I had to get out. I stood on the pub’s wraparound porch and thought about other things, like whether it was hotter inside with those idiots, or out there on the cement as the sun dipped, scorching everything under the corrugated awning. The sun would take its time to go down, especially now that the clouds had gone. It would burn across the plains for ages because there’s no mountain anywhere to blanket the heat.

Aunt Karen would be sitting down to watch Wheel of Fortune before the news. There was a payphone bolted into the cement, so I dug into my pocket for some coins and dialled her number. It only rang a couple of times before she answered.

‘Aunt, it’s Jacky.’

‘Oh, how are you bub?’ Her voice was soft, and she unravelled each syllable slowly with a heavy tongue. It felt good to hear it again.

‘I’m alright, thanks. Just here at White Cliffs.’

‘What are you doing over that way? I thought you and Mick were coming up.’

‘Yeah, we were on our way, but we had to help out a nurse whose car got caught in a floodway near Wilcannia.’

‘Ah, poxy weather! Mucks everyone up.’ She cleared her throat and then fell silent. I could tell she was trying to ask me something.

‘Your Uncle wants to know if you can do Curt’s eulogy.’

It was what I had thought. I didn’t say anything.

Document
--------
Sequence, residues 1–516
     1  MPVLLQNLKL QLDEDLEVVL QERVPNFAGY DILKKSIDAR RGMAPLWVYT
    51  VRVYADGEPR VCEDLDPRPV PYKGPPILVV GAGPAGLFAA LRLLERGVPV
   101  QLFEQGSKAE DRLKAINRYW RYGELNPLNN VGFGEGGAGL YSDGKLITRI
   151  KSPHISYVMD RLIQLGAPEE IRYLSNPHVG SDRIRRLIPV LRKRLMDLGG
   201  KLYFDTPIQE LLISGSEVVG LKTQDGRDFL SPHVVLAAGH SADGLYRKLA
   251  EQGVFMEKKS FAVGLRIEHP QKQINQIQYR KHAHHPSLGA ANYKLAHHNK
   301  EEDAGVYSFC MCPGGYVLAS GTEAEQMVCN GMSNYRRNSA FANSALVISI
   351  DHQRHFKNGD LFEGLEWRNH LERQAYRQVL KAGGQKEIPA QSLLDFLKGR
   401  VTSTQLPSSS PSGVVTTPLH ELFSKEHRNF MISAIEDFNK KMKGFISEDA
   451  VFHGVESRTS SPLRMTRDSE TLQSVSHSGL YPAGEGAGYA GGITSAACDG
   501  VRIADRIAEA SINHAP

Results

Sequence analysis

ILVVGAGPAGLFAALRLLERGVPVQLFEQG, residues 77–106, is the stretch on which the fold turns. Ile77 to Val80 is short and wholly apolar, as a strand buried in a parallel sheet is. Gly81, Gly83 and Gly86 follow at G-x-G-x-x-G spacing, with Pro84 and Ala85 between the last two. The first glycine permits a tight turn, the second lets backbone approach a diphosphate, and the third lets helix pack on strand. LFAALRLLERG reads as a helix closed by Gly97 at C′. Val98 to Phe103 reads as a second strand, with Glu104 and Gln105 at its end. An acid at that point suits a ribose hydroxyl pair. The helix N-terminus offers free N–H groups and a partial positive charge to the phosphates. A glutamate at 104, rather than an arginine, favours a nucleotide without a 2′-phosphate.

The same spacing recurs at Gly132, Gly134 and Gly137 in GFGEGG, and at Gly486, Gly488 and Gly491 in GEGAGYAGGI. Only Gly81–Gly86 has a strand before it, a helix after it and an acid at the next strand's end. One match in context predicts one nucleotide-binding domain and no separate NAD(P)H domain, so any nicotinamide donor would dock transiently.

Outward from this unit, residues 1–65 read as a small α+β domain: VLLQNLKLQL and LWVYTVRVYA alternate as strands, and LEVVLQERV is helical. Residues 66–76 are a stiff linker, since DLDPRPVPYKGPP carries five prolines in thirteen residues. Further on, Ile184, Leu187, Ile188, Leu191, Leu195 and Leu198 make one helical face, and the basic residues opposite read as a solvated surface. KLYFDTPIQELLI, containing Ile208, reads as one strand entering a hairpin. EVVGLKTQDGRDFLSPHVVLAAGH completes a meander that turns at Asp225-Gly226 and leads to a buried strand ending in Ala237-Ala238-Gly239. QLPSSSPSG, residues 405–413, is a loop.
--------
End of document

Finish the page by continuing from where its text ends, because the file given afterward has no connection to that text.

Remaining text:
‘I know it’s short notice but you speak so nicely, bub. And you knew him better than anyone.’

That night, I lay in bed thinking about what I might say. Curt had been a gun javelin thrower. A moto lover. A teller of filthy jokes. I could say any of those things because they were as known and familiar to everybody as a handshake. I wouldn’t mention the things I remembered most: that we’d smoked every afternoon, after school, so we could be around each other and not have to talk. That Mick had caught us together behind the Olympic-pool shed. That Curt was stuck in a place of in-between, in the middle of a highway, in a swamp. That I had loved him anyway.

I set off for Bourke alone, just before dawn. On the long, dry stretch of road, the Guzzi felt powerful. I watched the sun roll its first light over the prickles of shallow scrubland.

Marika Duczynski

Marika Duczynski is a writer and bookseller based in Sydney. She is currently undertaking postgraduate studies in editing and publishing at the University of Technology, Sydney.